Investigatory powers and privacy

The Government’s draft Investigatory Powers Bill has been criticized by Parliament’s Intelligence and Security Committee, chaired by former Attorney General, Dominic Grieve QC MP, in a Report published today.  The Committee is “disappointed to note” that the Bill does not cover all the intelligence and security Agencies’ intrusive capabilities, and that the draft Bill fails to provide a clear and comprehensive legal framework to govern the use and oversight of investigatory powers.

The Committee regards as issues that are “cause for concern” that privacy protections are “inconsistent” and “need strengthening”; and that provisions in relation to three of the key Agency capabilities, equipment interference, bulk personal datasets and communications data are “too broad” and “lack sufficient clarity”.  The Committee expresses the concern that the Government has missed the opportunity to provide the clarity and assurance which is “badly needed”, given that “confusion” surrounding the present legislation has fuelled many of the allegations and suspicions concerning the Agencies’ investigatory powers over the past few years “clearly demonstrates the importance of transparency in this area”.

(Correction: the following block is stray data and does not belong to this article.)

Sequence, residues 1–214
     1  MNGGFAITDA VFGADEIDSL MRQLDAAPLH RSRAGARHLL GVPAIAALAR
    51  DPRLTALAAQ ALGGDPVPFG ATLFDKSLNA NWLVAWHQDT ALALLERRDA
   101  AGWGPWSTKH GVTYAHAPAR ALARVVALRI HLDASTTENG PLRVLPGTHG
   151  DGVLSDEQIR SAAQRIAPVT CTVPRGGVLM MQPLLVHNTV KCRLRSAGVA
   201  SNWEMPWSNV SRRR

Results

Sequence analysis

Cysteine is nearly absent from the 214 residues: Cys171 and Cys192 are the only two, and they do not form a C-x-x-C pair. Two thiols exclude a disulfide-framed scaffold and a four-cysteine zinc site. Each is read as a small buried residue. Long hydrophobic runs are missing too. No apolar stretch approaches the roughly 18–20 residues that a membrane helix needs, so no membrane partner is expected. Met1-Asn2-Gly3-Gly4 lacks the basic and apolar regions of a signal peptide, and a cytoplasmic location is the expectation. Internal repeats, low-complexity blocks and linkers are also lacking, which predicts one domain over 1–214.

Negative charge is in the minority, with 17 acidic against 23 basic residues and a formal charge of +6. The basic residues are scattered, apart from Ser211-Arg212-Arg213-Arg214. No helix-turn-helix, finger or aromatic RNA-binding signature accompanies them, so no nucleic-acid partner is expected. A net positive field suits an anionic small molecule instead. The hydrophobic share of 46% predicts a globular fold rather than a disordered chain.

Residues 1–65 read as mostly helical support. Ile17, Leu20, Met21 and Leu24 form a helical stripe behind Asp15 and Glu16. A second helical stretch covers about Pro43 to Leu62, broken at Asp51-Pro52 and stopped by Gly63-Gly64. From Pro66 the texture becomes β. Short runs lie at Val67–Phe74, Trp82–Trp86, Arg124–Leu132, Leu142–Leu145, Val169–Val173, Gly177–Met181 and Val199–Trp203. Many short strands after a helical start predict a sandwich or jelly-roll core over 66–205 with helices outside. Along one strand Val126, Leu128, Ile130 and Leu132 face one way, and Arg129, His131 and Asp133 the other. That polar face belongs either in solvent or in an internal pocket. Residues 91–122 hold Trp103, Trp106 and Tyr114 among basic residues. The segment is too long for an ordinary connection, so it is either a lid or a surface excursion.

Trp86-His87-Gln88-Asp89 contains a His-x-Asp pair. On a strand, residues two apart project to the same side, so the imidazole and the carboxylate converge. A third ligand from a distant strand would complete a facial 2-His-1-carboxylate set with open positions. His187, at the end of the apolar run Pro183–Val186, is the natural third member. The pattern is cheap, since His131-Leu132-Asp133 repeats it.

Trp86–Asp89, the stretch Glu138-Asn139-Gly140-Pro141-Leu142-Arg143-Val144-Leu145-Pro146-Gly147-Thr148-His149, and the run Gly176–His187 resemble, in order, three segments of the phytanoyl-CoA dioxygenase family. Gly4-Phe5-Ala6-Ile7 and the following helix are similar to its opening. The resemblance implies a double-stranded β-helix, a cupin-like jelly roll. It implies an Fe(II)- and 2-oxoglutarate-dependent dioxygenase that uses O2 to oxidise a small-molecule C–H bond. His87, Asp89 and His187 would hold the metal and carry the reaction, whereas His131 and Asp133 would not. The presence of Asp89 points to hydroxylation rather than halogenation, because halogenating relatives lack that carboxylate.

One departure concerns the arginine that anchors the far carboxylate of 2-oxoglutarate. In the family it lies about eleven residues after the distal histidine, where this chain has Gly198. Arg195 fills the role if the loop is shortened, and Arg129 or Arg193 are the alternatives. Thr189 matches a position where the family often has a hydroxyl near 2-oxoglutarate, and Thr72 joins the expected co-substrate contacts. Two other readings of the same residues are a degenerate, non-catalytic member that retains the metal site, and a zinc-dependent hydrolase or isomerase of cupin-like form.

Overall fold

The Committee recommend that an additional part be included in the new legislation “to provide universal privacy protections”, not just that apply to sensitive professions.  Given the background to the draft Bill, and the public concern over the allegations made by Edward Snowden in 2013, the Committee finds it “surprising” that the protection of people’s privacy does not feature more prominently.  The Committee’s view is that “privacy protections should form the backbone of the draft legislation”, around which “exceptional” powers are then built.  Recent terrorist attacks cannot be used to ignore important underlying principles.

James Goudie QC